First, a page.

Thought Leader: Dambisa Moyo

July 19, 2012

As part of the Carnegie Council Centennial Thought Leaders Forum, Carnegie Council's Devin Stewart spoke with Dambisa Moyo, an international economist who writes on the macroeconomy and global affairs.

DEVIN STEWART: Dr. Moyo, how would you describe the time we live in today as it relates to other previous times in history?

DAMBISA MOYO: I think we are living in one of the most exciting and interesting periods in history in pretty much every aspect of life. Whether it's politics, economics, demographic change, there are significant transformations occurring.

We're living at a very unique time when the population of the world has skyrocketed, and continues to skyrocket, and most demographers would say that this is very unique and will not occur again after it plateaus out around 2100. But also, if you look back in history and prehistory, it has never occurred in the past. So a very unique time in terms of the demographic landscape.

But also, in terms of politics and economics, and certainly the interplay between politics and economics, we are also living in very interesting times. We have a situation where the number one and number two largest economies in the world, the United States and China, have very, very different models of political infrastructure—the United States, a well-established democracy; China, a country that has tended not to adopt a democratic approach but rather focused on a much more centralist one-party system. By many forecasts, China will be the leading economy in the world by as soon as 2020.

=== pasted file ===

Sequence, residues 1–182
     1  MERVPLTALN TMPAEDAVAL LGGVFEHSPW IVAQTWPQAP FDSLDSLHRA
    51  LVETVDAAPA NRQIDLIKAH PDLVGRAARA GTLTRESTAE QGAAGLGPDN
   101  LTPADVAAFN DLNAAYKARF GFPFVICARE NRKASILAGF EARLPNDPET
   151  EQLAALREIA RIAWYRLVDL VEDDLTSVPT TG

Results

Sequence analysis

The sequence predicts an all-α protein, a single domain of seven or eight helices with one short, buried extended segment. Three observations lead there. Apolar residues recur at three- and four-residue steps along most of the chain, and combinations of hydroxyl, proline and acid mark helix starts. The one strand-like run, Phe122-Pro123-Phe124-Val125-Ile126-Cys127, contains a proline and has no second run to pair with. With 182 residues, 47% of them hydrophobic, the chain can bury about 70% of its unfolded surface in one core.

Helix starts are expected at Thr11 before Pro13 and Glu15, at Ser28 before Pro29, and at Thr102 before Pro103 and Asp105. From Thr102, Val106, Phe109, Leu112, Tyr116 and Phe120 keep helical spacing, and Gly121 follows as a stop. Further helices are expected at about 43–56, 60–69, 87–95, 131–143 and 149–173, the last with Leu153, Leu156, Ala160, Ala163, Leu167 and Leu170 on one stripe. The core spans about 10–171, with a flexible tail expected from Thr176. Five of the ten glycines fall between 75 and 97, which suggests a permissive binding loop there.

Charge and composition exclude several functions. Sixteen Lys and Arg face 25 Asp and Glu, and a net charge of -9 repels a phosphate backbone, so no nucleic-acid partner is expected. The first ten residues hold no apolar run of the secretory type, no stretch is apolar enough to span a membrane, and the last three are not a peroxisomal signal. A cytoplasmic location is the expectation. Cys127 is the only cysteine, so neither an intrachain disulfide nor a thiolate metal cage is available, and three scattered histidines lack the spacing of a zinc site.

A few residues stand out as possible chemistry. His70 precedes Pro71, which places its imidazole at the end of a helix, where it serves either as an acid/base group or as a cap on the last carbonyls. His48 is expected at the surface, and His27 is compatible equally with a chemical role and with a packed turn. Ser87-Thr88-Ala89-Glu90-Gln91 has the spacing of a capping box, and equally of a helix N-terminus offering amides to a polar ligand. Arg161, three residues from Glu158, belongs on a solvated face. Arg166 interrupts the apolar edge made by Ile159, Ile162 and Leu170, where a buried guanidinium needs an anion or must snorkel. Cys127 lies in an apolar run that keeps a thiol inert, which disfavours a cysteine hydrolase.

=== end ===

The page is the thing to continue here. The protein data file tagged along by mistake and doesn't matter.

So in terms of what is important, what are the prerequisites for economic growth and economic development, these are the questions we ought to be asking. A very fascinating time. I don't think we really have a lot of the answers, but it is certainly an interesting time to be posing these questions.

DEVIN STEWART: Of demographics, economics, and politics, which one do you think most about and what would be the moral implications?

DAMBISA MOYO: With regards to demographics, economics, and politics, I think that there has been a tendency, certainly in academe, to focus on one area. Going back to the original question of why are we living in a very interesting time, there is much more of an interplay, much more of an interaction, between these three aspects that is actually jostling for an answer to pop out in terms of the sort of world we will live in in decades to come.

Obviously, my predilection as an economist, someone who was trained as an economist (my doctorate is in economics), my tendency is to lean toward economic solutions or economic models as the first port of call in addressing some of the big questions that the world is facing today. However, the complexity of demographics—not just the numbers, but also the makeup of human existence, the differences in culture and origin, the fact that over 90 percent of the world's population lives in the emerging world, and how that might play out in terms of what we value and how we define morality as a society, is obviously something that's not far away from economics and politics.